Japanese gardens are unique and beautiful, but you don’t have to live in Japan to enjoy one. Once you know everything you need to know about Japanese gardens, you can devote part of your own yard to making your own. Here are the things you need to know to build your own Japanese garden–wherever you live.
What Is A Japanese Garden?
A Japanese garden is a place of beauty and rest, where nature is the highlight rather than a backdrop. There are several types of Japanese gardens, and chances are at least one will fit into your corner of the world.
- A study garden is one for looking at and admiring, as if you’re looking at a painting. It is not for taking a leisurely stroll.
- In contrast, strolling gardens have many curving paths for walking, often with a lake or pond in the middle.
- The Japanese tea garden is part of a tea house, and is a very important part of the tea ceremony that takes place inside the tea house.
- Courtyard gardens are those used outside personal residences.
Common Elements Of Japanese Gardens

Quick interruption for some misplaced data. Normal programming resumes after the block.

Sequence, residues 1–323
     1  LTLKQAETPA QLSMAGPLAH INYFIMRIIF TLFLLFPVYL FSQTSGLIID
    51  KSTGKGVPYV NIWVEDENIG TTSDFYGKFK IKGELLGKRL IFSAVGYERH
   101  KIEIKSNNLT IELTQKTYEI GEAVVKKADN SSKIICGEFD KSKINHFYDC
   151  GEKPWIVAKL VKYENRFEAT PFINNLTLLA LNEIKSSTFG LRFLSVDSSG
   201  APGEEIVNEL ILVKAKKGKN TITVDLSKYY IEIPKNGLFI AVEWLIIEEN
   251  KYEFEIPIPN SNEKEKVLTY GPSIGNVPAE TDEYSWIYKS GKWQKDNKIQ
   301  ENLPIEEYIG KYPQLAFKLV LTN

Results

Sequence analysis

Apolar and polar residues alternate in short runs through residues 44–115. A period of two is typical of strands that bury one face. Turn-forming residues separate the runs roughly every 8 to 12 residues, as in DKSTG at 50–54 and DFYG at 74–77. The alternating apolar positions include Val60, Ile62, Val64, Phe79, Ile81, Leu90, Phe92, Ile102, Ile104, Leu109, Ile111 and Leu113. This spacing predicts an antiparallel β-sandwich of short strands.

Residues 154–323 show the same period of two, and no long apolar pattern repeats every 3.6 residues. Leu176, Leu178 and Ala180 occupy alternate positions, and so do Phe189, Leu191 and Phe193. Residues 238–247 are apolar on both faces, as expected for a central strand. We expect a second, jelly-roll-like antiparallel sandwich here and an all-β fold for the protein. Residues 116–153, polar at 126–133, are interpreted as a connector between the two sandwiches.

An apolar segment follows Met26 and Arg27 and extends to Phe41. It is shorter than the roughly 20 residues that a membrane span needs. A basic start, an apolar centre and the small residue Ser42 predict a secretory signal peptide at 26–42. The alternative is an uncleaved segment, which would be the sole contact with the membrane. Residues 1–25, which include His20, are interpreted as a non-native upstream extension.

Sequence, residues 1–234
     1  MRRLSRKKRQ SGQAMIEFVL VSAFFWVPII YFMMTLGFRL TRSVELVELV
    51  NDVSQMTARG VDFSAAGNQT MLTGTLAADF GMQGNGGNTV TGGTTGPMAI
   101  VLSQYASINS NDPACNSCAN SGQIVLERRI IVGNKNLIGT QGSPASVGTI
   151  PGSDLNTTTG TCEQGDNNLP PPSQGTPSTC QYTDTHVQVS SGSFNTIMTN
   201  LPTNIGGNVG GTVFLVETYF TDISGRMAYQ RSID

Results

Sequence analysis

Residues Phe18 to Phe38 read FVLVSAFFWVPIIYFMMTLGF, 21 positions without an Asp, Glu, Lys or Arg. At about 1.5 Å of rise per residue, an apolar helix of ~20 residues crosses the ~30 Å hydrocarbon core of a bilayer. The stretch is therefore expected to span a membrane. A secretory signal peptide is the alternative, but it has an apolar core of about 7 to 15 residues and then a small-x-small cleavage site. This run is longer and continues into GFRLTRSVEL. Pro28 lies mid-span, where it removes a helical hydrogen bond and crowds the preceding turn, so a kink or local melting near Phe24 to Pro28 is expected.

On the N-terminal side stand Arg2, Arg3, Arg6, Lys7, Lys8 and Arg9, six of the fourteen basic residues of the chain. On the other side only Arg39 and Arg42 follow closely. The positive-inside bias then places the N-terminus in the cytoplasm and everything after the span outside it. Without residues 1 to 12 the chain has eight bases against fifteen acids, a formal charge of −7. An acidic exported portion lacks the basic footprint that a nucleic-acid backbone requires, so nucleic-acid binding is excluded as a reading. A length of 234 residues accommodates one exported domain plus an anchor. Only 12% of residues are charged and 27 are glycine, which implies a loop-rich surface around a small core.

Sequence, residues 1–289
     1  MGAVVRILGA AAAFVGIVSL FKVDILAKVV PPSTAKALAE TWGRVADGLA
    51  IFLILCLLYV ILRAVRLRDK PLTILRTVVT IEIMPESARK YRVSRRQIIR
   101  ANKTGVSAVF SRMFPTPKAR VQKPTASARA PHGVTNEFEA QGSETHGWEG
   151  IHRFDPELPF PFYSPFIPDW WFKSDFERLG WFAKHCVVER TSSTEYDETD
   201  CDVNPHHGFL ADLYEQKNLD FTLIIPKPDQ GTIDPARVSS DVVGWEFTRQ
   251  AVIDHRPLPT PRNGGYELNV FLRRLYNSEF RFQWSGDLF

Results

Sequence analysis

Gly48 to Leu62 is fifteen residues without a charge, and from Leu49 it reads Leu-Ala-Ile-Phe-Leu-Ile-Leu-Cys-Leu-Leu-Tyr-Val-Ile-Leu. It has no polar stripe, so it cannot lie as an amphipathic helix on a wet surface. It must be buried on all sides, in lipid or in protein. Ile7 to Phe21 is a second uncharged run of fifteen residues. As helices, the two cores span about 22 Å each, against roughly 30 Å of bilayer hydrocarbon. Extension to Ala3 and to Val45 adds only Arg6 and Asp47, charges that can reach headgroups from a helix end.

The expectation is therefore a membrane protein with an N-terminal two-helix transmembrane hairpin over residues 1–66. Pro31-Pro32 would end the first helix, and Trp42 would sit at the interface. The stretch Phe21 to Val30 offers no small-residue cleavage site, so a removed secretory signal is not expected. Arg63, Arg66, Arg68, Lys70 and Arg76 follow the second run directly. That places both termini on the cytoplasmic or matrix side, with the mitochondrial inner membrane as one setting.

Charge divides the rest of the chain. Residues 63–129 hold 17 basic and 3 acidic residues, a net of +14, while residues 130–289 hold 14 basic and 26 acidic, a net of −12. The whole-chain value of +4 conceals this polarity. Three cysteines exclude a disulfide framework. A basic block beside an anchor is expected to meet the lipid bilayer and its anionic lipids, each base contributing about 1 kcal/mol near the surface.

In a Japanese garden, you’ll find three common elements. Those are:
- Stone, which provides the structure or outline of the landscape.
- Water, to provide the life-giving force of the garden as it flows through.
- Plants to provide color and interest through the changing seasons.
There are elements of a Japanese garden which are secondary to the three main elements. These secondary elements include things like pagodas, water basins, lanterns, arbors and bridges.
Japanese gardens are very carefully and thoughtfully planned, arranged and cared for. The pruning of the trees is almost an exact science. These gardens are a precisely controlled work of art. But all of it is done with the intent to provide a place of calm and serenity for the people who spend time there.
To see where you can visit an authentic Japanese tea garden right in downtown Denver Colorado, see 5 beautiful botanical gardens you should visit.